The Credit Card Competition Act is a bill in Congress that addresses network access and competition in credit card transactions. The bill sponsors’ stated goal is to increase competition in the credit card industry, with the hope that this will reduce the expenses for merchants during the credit card transaction process.
The bill sets a one-year deadline for the Federal Reserve to establish regulations. These would include a mandate that large banks must enable their credit cards to be processed over at least one alternative network besides the two largest, which are currently Visa® or Mastercard®.
The alternative networks could be smaller, lesser known and have less mature infrastructure. It is interesting to note that while the CCCA purports to introduce more competition in the credit card market, not all credit card networks and issuers are covered by the bill. In fact, two of the largest networks – Discover® and American Express®, who issue cards on their own networks – are excluded from the bill’s requirements.
What is the difference between a credit card issuer and a credit card network?
When consumers choose to make a purchase using their credit card, there are three important parties that work behind the scenes to process credit card transactions. They are credit card issuers, merchants, and credit card networks. Let’s break down the functions of each of them below:
- Credit card issuers are lenders. These are banks, like Chase®, that extend credit to consumers through credit cards. Card issuers take on the inherent risk of lending unsecured credit to consumers. When you apply for a credit card, you do so through the issuer.
- Merchants are sellers of goods or services. Merchants provide goods or services in exchange for payment by consumers. At the point of sale for these goods and services, consumers choose their preferred method of payment, like cash, checks, or electronic payments, including debit cards or credit cards associated with a specific network. For a merchant to be able to accept an electronic payment like credit cards, they must connect to the network(s) that can process those payments.
- Credit card networks are facilitators. Credit card networks create virtual payment infrastructures in which merchants can receive payment for purchases consumers make using a credit card. The largest U.S. networks are Visa®, Mastercard®, Discover® and American Express®. They facilitate credit card transactions between merchants and card issuers. Networks charge the merchant an interchange fee for processing the transaction.
Today, a customer chooses a credit card linked to a specific network — e.g., the customer’s preferred Visa® or Mastercard card®. The CCCA, if enacted, would force a second network to be enabled on the consumer’s card and allow the merchant to choose the network through which the consumer’s purchase is processed. Currently, issuers only enable their credit cards to be processed through a single network.
What are interchange fees and how will the CCCA affect them?
Credit card merchant fees are charged to merchants to facilitate the processing of credit card transactions. A portion of the credit card merchant fee is remitted to the issuing bank (such as Chase). This fee is called “interchange fee” and is set by the network (e.g., Visa or Mastercard). Interchange fees in the U.S. typically range between 1% and 3% of the transaction amount.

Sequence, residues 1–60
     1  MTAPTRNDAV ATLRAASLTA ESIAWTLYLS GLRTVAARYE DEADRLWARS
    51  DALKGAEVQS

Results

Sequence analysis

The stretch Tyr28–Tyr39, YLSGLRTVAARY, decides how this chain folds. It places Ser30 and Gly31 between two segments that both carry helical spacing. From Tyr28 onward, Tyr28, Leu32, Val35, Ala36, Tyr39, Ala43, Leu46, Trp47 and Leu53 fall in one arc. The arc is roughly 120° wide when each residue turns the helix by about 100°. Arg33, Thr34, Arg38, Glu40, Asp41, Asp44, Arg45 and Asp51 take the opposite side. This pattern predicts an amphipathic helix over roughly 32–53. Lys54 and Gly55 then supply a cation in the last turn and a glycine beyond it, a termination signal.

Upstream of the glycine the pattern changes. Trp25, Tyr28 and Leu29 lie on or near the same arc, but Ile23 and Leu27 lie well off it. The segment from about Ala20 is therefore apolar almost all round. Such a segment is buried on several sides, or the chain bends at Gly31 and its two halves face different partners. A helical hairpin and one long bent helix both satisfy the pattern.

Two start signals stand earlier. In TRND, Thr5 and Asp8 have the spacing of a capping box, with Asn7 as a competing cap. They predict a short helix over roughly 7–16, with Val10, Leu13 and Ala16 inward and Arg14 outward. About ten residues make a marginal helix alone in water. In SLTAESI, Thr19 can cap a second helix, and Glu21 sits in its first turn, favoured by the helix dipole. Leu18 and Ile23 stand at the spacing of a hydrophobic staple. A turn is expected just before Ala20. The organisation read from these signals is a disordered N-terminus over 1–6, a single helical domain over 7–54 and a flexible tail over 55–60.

Interchange fees are used to cover the expenses incurred by banks to process, accept, authorize and maintain data security, as well as to invest in fraud prevention. Interchange fees also largely help fund credit card rewards programs.
Some policymakers in Washington feel that forcing more networks into the credit card transaction process will result lower fees charged to merchants.
Could reduced interchange fees impact credit card rewards?
It’s possible that if interchange fees are reduced, credit card issuers could reduce rewards programs.
Interchange fees are charged to merchants to facilitate the processing of credit card transactions. Banks, such as Chase, take these dollars and invest more than 90% of them into credit card rewards programs and benefits for their cardmembers.
Cardmembers receive the value from interchange fees in the form of rewards or cash back, as well as other cardmember benefits. If merchants choose to route transactions to cheaper, less established networks, interchange fees could decrease. As a result, banks may have fewer resources available to fund rewards programs and cardmember benefits.
Opponents of this bill cite the Durbin Amendment, which introduced capped interchange fees and dual routing requirements on debit cards in 2011. Subsequently, debit card rewards were eliminated. It’s worth noting that history could repeat itself if the CCCA results in reduced interchange fees for credit cards, as they did for debit cards.
The CCCA is a bill that seeks to introduce competition among credit card networks, which some Members of Congress feel will subsequently lower interchange fees charged to merchants. If this bill becomes law, there could be changes to the rewards programs of some financial institutions that cardmembers enjoy.
If you’re interested in learning more about how credit card rewards could help you earn cash back, travel rewards, gift cards and more, check out our Education Center.
You can also visit the Electronic Payments Coalition website to get updates on the legislation as it moves through Congress.
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